The GOP's bootlicking cowardice knows no bounds
President Trump's defense against impeachment is bombastic, full of lies and incoherent to the point of lunacy, which is no surprise. Republicans are beclowning themselves to pretend Trump is making sense − and that, sadly, is also no surprise.
Trump has described his smoking-gun phone call with Ukrainian President Volodymyr Zelensky as "perfect," which is only true from the point of view of the prosecutors in his impeachment trial, if it comes to that. His lawyer has claimed that Zelensky was the first to mention Joe and Hunter Biden, while the rough transcript of the call clearly shows that it was Trump who did so. He has demanded that the whistleblower be unmasked and claimed that he or she somehow misrepresented the call, hoping no one will notice that the allegations in the whistleblower's complaint have been confirmed by documents and statements released by the White House.
Trump has accused House Intelligence Committee Chairman Adam Schiff, D-Calif., and Speaker Nancy Pelosi, D-Calif., of "treason" and demanded that they be impeached. After first refusing to say whether he wanted Ukraine to investigate the Bidens, he admitted it and called on China to investigate them, too. And as for Sen. Mitt Romney, R-Utah, who said that Trump's call with Zelensky was "troubling in the extreme" and that his requests to Ukraine and China were "wrong and appalling," Trump has called him a "pompous ass" and wants him impeached, too.
Romney, however, is the only prominent GOP officeholder thus far to call out Trump for the conduct that will likely get him impeached. Sens. Susan Collins, R-Maine, and Ben Sasse, R-Neb., have been critical of the China appeal but have said nothing about Ukraine. The bootlicking cowardice of today's Republican Party knows no bounds.
Perhaps none have embarrassed themselves more than Sen. Ron Johnson, R-Wisc., who had a rough time Sunday on "Meet the Press." Host Chuck Todd asked him about a quote of his that had appeared in The Wall Street Journal. When Johnson heard that $391 million in military aid for Ukraine might be being withheld to coerce an investigation into the Bidens, Johnson told the Journal, "I winced. My reaction was, 'Oh God. I don't want to see those two things combined.'"
There it is, the quid pro quo. But Johnson was apparently determined not to be seen as having criticized Trump, lest he become the target of a Trump tweetstorm. So he launched into a diatribe about how Trump's presidency had been "sabotaged" and given "no measure of honeymoon whatsoever" and then dove into fantasy-based conspiracy theories about the origin of the Mueller investigation. After a long struggle by Todd to return to the subject of Ukraine, Johnson finally said: "When I asked the president about that, he completely denied it. He adamantly denied it. He vehemently, angrily denied it. He said, 'I'd never do that.' So that is the piece of the puzzle I'm here to report today."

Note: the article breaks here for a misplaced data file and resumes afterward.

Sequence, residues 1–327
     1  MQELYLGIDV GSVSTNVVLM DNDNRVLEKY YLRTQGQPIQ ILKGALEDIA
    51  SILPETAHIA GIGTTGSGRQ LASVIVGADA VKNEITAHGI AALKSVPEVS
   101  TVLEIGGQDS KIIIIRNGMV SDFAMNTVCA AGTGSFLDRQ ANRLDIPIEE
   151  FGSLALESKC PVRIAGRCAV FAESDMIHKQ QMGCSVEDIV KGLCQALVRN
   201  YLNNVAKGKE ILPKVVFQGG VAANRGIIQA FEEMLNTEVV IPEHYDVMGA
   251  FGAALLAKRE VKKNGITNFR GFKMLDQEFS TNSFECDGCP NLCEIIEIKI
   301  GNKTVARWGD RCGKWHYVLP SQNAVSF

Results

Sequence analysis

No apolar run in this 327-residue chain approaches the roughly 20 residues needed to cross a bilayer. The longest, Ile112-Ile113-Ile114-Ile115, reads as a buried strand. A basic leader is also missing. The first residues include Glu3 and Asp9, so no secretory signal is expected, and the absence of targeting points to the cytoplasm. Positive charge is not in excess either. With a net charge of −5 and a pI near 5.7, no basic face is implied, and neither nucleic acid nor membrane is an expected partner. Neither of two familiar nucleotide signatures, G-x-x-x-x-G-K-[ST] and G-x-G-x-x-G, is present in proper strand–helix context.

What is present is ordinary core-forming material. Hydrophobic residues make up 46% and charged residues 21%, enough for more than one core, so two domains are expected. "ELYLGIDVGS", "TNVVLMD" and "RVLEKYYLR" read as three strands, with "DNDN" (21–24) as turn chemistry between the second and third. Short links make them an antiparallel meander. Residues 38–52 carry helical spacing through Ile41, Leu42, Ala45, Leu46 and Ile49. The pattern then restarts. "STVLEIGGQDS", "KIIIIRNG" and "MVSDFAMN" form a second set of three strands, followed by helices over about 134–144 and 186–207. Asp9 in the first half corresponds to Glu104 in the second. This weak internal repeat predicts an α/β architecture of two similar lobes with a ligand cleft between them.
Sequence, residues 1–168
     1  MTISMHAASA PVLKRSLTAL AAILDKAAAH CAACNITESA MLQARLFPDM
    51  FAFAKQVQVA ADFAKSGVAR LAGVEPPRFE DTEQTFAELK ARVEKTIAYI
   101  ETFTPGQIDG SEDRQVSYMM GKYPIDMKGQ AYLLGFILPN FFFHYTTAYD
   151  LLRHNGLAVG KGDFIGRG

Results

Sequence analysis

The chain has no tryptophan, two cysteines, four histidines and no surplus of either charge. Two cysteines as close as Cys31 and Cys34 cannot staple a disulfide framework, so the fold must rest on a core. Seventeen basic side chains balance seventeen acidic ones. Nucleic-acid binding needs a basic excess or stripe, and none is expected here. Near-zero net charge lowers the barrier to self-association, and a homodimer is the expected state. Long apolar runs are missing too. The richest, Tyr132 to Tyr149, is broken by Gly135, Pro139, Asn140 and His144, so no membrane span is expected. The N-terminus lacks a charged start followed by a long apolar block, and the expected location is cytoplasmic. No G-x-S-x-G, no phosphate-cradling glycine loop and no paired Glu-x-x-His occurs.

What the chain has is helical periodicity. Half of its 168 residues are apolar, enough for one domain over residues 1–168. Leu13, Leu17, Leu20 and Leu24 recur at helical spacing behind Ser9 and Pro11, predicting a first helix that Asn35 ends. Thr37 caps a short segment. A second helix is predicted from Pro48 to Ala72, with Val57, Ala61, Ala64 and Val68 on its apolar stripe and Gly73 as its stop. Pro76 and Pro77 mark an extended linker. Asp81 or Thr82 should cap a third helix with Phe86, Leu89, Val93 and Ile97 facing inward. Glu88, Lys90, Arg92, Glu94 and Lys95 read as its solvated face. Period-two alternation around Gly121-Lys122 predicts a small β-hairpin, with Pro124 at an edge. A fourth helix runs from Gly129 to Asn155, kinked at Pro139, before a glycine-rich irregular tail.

Runner-up for some sort of Profiles in Spinelessness award is Sen. Marco Rubio, R-Fla., who said that when Trump stood on the White House lawn and called on the despotic Chinese government, with its kangaroo-court justice system, to investigate a former U.S vice president and his family, he was just kidding around to get a rise out of the media.
Look at the videotape. What I see is a desperate president trying to convince the public that his attempted shakedown of Ukraine was so innocent, so unimpeachable, that he's willing to do the same thing to China openly. Then again, it might have been slam-dunk evidence for another article of impeachment. Either way, Trump's performance looked and sounded nothing like fun and games with the White House press corps.
At this point, we can dispense with the notion that Trump welcomes impeachment because he believes it gives him a political advantage. He reportedly told House Republicans that being impeached would be "a bad thing to have on your resume." His tweets and harangues betray what seems to be a visceral horror of being hauled into the dock and put on trial, even if he believes that ultimately he will not be removed from office. In his long life of privilege, Trump has rarely been held accountable for his bad behavior. He seems not to enjoy the experience.
For now, Trump can cling to the fact that lily-livered Republicans still fear his wrath. They're looking at the polls, though, and hearing from their constituents. It is certainly true that brute-force intimidation can compel obedience, but it rarely generates true loyalty.
Eugene Robinson's column is distributed by the Washington Post Writers Group.
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